The entire Yellowstone population declined by 12%, reduced – through slaughter, hunting, and quarantine — to just 4,800 animals. BFC photo by Stephany Seay.
The outcome for buffalo is tragic. Managers tell us and want us to believe everything is fine. But the fact is Yellowstone National Park’s and the state of Montana’s unnecessary and intensive management scheme has altered the buffalo’s population structure for the worse. As a consequence, we are witnessing the Central herd rapidly disappear. With more buffalo on the Northern Range, more will be killed when they migrate into the Gardiner Basin killing zone.
With the very structure of the buffalo’s population being artificially manipulated and altered, threats outside of management – extended drought, winter range freezing under ice – make the whole population much more vulnerable to extinction. It is utter negligence on the part of Yellowstone National Park and the state of Montana, who are crushing the future of the sacred buffalo, our country’s national mammal.
A view of Yellowstone’s Stephens Creek buffalo trap where more than 700 buffalo were captured and shipped to slaughter last season. Yellowstone and their IBMP cohorts, caving to pressure from Montana’s livestock industry, intend to kill between 600-1,200 buffalo this coming year. Whom does Yellowstone serve? BFC photo by Stephany Seay.
So what do the Park biologists have to say to managers in the face of evident human mismanagement? Among other things, they recommended that “[s]ome captured bison may need to be held at the Stephens Creek facility through winter and released in spring to meet these removal composition objectives.” Ho-hum off we go to manage another man made disaster…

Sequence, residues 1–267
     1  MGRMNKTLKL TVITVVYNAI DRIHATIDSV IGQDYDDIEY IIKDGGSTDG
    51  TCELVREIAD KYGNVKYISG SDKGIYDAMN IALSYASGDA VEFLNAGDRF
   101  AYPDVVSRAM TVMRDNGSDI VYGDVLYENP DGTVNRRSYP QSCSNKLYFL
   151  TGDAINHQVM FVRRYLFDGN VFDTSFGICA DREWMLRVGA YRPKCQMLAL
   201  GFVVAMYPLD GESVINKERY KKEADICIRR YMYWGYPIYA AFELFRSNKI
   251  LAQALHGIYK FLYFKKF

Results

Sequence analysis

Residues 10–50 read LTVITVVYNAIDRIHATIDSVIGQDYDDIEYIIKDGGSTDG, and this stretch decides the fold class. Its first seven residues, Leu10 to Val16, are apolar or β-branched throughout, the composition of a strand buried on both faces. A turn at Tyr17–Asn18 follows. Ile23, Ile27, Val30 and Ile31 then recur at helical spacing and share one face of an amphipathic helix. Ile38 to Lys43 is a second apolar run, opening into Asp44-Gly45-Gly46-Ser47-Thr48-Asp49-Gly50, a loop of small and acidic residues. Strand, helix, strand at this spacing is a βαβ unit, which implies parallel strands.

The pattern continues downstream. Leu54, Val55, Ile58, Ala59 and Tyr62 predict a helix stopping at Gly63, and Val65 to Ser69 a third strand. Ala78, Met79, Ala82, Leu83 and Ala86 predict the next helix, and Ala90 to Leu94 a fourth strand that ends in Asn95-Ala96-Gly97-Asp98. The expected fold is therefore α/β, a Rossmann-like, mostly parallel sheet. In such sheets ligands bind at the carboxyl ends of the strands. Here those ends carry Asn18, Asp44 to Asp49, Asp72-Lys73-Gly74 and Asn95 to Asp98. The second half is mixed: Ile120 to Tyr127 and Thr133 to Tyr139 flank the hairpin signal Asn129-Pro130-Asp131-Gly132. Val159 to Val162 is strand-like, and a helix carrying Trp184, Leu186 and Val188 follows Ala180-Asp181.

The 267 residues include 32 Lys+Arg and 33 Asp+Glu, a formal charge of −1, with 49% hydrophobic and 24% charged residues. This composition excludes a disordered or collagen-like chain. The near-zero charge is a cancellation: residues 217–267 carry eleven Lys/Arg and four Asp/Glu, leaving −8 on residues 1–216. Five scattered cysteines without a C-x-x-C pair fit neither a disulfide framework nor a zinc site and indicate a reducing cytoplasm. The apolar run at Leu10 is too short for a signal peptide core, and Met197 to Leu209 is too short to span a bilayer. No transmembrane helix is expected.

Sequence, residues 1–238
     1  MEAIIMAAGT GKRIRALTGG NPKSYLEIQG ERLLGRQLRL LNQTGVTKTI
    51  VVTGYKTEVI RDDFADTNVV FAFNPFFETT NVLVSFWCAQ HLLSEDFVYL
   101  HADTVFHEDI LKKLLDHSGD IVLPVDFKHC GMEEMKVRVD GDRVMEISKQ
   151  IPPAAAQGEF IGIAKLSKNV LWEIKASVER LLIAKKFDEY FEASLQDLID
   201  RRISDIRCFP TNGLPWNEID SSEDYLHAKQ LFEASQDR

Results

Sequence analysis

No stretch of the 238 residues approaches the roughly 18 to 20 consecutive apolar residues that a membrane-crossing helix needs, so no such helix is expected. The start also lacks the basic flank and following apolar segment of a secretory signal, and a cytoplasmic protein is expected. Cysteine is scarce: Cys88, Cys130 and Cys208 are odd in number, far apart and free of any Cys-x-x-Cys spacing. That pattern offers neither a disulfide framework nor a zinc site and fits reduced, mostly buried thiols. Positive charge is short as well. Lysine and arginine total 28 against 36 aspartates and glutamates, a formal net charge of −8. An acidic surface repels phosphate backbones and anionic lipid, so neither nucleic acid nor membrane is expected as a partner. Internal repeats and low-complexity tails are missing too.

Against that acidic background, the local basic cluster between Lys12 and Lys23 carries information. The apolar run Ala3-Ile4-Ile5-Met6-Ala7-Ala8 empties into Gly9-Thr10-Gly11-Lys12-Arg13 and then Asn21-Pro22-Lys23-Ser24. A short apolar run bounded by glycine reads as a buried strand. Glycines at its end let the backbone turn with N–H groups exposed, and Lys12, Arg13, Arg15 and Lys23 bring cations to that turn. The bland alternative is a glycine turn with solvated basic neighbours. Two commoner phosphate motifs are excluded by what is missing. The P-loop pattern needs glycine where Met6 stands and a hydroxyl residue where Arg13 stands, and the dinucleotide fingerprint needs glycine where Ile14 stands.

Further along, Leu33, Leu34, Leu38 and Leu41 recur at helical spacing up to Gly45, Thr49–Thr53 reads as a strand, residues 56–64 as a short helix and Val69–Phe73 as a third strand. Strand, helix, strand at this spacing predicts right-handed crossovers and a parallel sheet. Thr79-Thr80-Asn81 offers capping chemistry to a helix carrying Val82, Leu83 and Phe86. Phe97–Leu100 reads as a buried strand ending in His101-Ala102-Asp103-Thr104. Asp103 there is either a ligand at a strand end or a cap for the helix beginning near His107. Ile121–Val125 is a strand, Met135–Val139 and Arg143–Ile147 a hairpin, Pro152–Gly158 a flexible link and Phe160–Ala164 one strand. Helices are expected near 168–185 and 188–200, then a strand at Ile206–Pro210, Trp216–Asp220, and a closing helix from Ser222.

- About 600 bison would need to be removed from the population during winter 2017-2018 to stabilize population growth… We do not recommend removing more than 1,250 bison, which would be greater than 25% of the current population.
- When possible, bison should be removed in proportion to their occurrence in the population (73% adults, 12% yearlings, and 15% calves; 46% females and 56% males). Some captured bison may need to be held at the Stephens Creek facility through winter and released in spring to meet these removal composition objectives.
- Population management actions during winter 2017-2018 should focus on bison breeding in northern Yellowstone (i.e., the northern herd) by using telemetry data to inform the timing and magnitude of removals.
- We recommend using harvests in Montana and culling at Stephens Creek to meet population management objectives…
- We do not recommend management removals or state and tribal harvests of bison in the western management area in Montana. Bison migrating west of the park during winter are almost entirely from the central breeding herd, which has decreased substantially in abundance during recent years.